Wrap up of Opus Research’s Intelligent Assistants Conference

Earlier this week, Opus Research hosted the first ever Intelligent Assistants Conference. Like all first-time events, you have to take a leap of faith that everything will go off smoothly. In fact, the 1-day conference was a huge success, bringing together customers of enterprise intelligent assistants, technology providers, and companies eager to learn more about the business value of intelligent assistants. I was extremely impressed with the company case studies presented by representatives from Hyatt Hotels, Coca-Cola, Domino’s, Schlage, and Windstream Communications. I wrote a guest post for the Opus Research blog that summarizes how each company is employing intelligent assistants  / virtual agent technology to both drive down costs and improve customer experience.

Intelligent Assistants ConferenceThe day was also filled with lively panel discussions on topics ranging from the history of artificially intelligent chatter bots to the future of mobile personal assistants in the image of Spike Jonze’s Her. Dan Miller of Opus was able to attract a stellar group of panelists to the event and the conversations were fabulously entertaining for people interested in this space. The room at the Palace Hotel in downtown San Francisco stayed packed all day and the audience was never stumped for questions.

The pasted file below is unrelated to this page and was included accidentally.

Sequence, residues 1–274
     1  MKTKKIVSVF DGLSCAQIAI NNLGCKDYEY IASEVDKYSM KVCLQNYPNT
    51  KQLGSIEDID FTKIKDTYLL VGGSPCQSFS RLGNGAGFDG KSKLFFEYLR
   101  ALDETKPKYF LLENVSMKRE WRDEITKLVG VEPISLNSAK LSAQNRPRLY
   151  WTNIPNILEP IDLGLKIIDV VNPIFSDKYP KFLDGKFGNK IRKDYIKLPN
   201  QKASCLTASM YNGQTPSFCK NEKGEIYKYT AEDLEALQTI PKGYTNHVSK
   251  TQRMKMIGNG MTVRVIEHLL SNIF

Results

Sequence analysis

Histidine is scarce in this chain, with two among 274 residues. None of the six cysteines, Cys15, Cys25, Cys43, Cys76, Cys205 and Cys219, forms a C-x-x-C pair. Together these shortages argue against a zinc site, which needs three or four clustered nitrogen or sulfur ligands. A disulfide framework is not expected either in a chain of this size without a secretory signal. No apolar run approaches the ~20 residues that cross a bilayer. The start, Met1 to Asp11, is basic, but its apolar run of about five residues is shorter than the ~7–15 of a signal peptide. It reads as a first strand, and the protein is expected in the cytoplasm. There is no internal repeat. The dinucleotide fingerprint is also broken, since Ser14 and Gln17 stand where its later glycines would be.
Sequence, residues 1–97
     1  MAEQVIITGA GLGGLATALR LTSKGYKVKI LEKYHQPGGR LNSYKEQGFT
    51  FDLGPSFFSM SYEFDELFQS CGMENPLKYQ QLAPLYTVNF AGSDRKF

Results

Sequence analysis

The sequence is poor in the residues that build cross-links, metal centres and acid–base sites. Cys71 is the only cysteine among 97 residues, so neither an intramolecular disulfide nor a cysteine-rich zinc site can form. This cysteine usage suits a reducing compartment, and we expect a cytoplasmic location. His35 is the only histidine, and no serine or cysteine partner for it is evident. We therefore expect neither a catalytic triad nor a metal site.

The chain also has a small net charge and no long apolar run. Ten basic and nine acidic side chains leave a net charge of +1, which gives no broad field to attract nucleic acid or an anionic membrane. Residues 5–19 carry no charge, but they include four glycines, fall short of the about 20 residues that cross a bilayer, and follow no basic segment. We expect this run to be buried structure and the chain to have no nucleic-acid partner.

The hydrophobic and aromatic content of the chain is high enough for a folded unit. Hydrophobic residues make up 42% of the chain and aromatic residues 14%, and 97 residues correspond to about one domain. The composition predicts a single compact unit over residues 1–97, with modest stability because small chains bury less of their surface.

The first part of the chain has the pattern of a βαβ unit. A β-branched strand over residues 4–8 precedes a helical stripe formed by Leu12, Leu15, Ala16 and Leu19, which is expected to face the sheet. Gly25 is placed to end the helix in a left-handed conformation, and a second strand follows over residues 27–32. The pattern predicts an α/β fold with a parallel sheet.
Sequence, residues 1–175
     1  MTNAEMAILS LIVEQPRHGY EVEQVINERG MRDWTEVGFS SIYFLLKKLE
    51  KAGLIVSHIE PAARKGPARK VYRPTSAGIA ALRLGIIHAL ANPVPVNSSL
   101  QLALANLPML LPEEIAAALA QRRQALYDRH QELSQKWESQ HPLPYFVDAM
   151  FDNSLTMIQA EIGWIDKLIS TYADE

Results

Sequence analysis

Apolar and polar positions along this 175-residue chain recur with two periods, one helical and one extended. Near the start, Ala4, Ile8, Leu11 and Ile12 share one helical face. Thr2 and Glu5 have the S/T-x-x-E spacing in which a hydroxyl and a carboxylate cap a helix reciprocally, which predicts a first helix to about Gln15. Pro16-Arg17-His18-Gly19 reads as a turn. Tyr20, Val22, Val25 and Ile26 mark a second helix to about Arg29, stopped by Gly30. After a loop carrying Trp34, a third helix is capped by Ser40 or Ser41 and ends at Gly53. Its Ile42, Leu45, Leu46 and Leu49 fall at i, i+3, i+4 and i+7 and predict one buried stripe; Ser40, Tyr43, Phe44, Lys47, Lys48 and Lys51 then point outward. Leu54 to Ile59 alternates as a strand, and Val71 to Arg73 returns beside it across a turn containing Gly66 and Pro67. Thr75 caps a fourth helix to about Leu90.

I came away from the event firmly convinced that enterprise intelligent assistants aren’t just for early adopters anymore. There are powerful use cases where this technology can be applied today and companies that take the leap stand to gain a competitive advantage over their competition. In terms of how personal intelligent assistants will impact the consumer market, so much is happening so quickly that it’s hard to guess where the market will be in a year or two. The growing adoption of wearables, where the form factor aligns better with speech-based communication than with text / typing, may push more usage of intelligent assistants. Or a completely new user interface might emerge.

Regardless of how things evolve, it seems certain that people will always want to engage in conversation. Intelligent assistants can satisfy that desire, while at the same time helping people solve problems and more easily navigate their way through life. I look forward to Opus Research’s 2nd Annual Intelligent Assistants Conference next year. With the pace at which this technology is evolving, there’s bound to be a lot to talk about.

 

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